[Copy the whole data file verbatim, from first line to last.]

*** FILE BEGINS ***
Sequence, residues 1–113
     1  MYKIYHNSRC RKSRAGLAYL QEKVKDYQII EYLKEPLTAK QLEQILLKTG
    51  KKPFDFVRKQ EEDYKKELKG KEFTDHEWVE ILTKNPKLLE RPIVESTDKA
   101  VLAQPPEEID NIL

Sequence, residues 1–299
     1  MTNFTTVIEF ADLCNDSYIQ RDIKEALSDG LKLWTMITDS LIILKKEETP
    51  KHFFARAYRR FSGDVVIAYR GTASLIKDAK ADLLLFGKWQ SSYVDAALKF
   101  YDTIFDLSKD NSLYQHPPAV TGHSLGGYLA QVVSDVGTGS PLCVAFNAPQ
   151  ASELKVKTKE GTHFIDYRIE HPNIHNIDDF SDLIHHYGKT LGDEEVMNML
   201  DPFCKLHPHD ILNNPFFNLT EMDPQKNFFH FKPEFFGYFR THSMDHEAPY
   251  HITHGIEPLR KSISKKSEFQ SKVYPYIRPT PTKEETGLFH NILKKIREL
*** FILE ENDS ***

Sequence, residues 1–113
     1  MYKIYHNSRC RKSRAGLAYL QEKVKDYQII EYLKEPLTAK QLEQILLKTG
    51  KKPFDFVRKQ EEDYKKELKG KEFTDHEWVE ILTKNPKLLE RPIVESTDKA
   101  VLAQPPEEID NIL

Sequence, residues 1–299
     1  MTNFTTVIEF ADLCNDSYIQ RDIKEALSDG LKLWTMITDS LIILKKEETP
    51  KHFFARAYRR FSGDVVIAYR GTASLIKDAK ADLLLFGKWQ SSYVDAALKF
   101  YDTIFDLSKD NSLYQHPPAV TGHSLGGYLA QVVSDVGTGS PLCVAFNAPQ
   151  ASELKVKTKE GTHFIDYRIE HPNIHNIDDF SDLIHHYGKT LGDEEVMNML
   201  DPFCKLHPHD ILNNPFFNLT EMDPQKNFFH FKPEFFGYFR THSMDHEAPY
   251  HITHGIEPLR KSISKKSEFQ SKVYPYIRPT PTKEETGLFH NILKKIREL